Advancements in research and technology start with the right people developing the right ideas, even if those ideas change quickly. The floor plan of the Chen Neuroscience Research Building was designed so that suites could be emptied and completely redesigned to exact specifications should a handover between different PIs occur as research advances. The floorplates allow for large-scale equipment to be brought in or removed easily, and wet and dry labs are interchangeable to adapt to different specialties thanks to the supportive infrastructure and systems capacity. The piped utilities and gases in labs are arranged in a flexible setup  to accommodate multiple configurations using mobile base cabinets, adjustable tables, and ceiling service panels.

One challenge was designing labs that can meet the distinct needs of current researchers while still offering options to accommodate future researchers without costly and time-intensive facility overhauls. “Neuroscience is sort of a different animal in the sense that it requires different types of support. Every single researcher will have different types of requirements that differ from one to the other,” says Alex Munoz, senior laboratory planner, SmithGroup, on why communication with researchers and facility management is so crucial to the beginning stages of the design process. “The needs are so specific, you have to go really in-depth to really understand the way that they work in order to translate that into a design that works…in doing so, it is a challenge because it's not a cookie-cutter approach. It's very customized, yet it has to be somewhat of a flexible space—if that PI leaves, it can be repurposed into something else.” 

Interior shot of the CCNR office and lab
The goal was to design and build a world-class research facility that would be customizable for scientists from many different disciplines and bring together brain-related research programs from across the campus.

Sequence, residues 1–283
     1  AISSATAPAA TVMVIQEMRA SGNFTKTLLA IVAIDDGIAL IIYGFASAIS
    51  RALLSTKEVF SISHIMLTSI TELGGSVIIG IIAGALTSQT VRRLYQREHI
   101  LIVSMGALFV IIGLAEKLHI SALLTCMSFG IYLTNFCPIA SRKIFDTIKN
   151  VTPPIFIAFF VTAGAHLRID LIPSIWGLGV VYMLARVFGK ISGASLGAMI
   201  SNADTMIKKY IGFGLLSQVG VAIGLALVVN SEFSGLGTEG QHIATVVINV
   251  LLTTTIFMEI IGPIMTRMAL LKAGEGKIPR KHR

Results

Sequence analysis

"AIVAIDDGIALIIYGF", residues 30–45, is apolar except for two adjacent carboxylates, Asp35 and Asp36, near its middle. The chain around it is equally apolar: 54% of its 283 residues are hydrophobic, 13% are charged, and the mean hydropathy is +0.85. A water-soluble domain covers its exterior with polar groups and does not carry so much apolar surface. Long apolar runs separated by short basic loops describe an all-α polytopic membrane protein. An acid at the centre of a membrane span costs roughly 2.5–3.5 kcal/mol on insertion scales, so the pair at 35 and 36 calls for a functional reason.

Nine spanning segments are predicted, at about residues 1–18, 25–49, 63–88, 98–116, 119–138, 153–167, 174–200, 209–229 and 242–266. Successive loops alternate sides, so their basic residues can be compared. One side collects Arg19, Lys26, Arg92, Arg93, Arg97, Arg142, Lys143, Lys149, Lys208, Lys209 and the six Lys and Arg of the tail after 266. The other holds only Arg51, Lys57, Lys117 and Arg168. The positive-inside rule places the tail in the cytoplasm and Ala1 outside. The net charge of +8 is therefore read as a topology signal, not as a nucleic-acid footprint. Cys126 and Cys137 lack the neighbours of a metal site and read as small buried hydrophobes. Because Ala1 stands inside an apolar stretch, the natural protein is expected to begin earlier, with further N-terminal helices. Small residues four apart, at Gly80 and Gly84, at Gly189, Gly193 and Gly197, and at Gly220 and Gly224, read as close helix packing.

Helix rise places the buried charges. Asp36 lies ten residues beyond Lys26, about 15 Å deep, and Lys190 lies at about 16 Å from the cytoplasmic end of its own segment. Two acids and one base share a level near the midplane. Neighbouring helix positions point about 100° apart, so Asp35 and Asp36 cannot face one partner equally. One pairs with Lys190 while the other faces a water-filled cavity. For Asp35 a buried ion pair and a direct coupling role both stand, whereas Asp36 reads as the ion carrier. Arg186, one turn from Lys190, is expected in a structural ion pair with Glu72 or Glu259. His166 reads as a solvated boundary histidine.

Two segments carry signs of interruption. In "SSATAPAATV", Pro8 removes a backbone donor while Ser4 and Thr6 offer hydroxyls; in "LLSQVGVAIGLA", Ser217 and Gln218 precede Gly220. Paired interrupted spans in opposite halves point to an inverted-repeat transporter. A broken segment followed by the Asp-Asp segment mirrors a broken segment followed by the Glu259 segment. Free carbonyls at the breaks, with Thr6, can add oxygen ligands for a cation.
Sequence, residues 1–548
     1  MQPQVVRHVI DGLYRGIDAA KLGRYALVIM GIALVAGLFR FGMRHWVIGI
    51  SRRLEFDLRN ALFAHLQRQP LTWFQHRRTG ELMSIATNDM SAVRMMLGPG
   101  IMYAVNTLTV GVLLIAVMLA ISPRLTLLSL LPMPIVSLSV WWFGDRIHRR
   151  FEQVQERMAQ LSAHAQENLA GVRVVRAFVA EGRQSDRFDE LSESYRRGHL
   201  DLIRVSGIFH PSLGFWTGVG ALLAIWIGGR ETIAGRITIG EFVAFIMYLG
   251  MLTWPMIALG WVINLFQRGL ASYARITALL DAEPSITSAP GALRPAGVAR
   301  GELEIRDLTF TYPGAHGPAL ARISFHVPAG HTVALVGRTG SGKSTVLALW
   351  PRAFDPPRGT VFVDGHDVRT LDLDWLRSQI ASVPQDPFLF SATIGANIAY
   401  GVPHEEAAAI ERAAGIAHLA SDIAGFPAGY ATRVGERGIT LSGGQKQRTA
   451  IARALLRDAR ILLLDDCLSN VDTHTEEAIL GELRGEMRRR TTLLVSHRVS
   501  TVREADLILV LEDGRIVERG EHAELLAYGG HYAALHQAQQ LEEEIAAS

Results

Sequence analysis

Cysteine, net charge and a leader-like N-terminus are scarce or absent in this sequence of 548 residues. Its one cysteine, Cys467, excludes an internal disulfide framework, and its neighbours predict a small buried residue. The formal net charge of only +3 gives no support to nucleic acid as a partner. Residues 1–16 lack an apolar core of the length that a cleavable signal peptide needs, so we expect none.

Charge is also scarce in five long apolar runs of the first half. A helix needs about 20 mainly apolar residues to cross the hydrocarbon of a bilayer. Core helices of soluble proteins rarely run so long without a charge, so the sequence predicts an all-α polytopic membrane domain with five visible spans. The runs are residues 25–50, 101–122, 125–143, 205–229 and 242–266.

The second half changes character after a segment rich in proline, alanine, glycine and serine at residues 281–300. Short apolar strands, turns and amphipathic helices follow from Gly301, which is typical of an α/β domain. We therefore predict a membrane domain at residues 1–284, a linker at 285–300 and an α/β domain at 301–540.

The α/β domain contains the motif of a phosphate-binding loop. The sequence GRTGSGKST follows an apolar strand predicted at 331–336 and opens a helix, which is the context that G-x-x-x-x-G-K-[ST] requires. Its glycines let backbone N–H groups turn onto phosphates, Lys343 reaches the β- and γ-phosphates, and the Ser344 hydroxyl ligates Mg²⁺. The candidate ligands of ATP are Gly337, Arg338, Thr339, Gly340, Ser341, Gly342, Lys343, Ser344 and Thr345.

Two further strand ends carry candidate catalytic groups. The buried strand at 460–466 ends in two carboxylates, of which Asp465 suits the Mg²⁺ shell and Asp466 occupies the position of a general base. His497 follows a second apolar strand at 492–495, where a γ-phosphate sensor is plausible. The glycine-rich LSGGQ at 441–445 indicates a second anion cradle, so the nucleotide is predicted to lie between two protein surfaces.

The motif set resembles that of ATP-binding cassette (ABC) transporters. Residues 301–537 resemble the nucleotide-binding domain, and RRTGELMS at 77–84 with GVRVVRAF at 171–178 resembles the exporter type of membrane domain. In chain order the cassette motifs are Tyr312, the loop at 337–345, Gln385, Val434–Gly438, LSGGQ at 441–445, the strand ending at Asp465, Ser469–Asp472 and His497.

Credit: John Linden Photography

The design team held months of “nonstop meetings” with PIs to walk the space, and understand the way that research is conducted and transformed. “Since research changes so quickly, being able to build and design facilities that can adapt to the research as the research is changing and evolving is very important,” he says. 

Leading with innovation

Being a thought leader when developing a progressive, future-proof design for a lab can be a challenge, says Munoz. Researchers may be reluctant to change the way they’ve always done things or to move to a smaller lab space. Project team leaders must employ innovative strategies and clear communication to help researchers be comfortable with their new surroundings. 

“One of the biggest challenges you'll find is the cultural change that happens when you have to explain to PIs that they are going to have to adjust the way they work. Their first reaction is that ‘change is not good,’” he says, noting that it’s important to communicate to researchers how a different design plan will benefit their work. “We're giving them efficiencies and physical spaces that are going to improve the quality of life [and] expedite research. The innovative process that we bring is this cultural change and this approach that we're working with them to understand the science and where we think it's heading.”

Interior shot of a lab in the CCNR
The design plan retains the specialized spaces vital to neuroscience research, yet also brings together the various research groups that had been inefficiently dispersed across campus.
Credit: John Linden Photography

It’s hard to say what the future holds for neuroscience research, but the SmithGroup team is confident that they’ve equipped the Chen building and its researchers to handle any changes or advancements that might come their way.

“I don't think anybody knows where things are heading; neuroscience changes every day. It's not repetitive,” says Munoz. The open floor plates and moveable casework, he adds, are integral to science facilities such as the Chen building where the research is constantly changing and growing. Developing typical lab spaces into specialized suites is possible thanks to good design and infrastructure. “And I think that for the first time, you're actually going to see more spaces flexing and moving to react to the science and the changes that are happening,” he says. 

Interior shot of a CCNR lab
The versatile design rethinks and reorganizes how different fields of science interact, so researchers can work together more productively.
Credit: John Linden Photography

“At the heart of the building is the ideas that these scientists are going to have,” says Francisco Owens, design principal with SmithGroup, adding that pushing every square inch of the space to its limit in terms of use and flexibility is what spurs innovations and advancement. “Part of creating a place that will continuously inspire and…be a cultivation of innovation is with the architecture and having places that people, when they're together, are just in a better frame of mind. They have the choice to be in spaces that really facilitate the frame of mind they want to be in. I think that was one of the most successful things—when you really look at every corner of the building, there's a very deliberate reason why all these things are in every part of it.”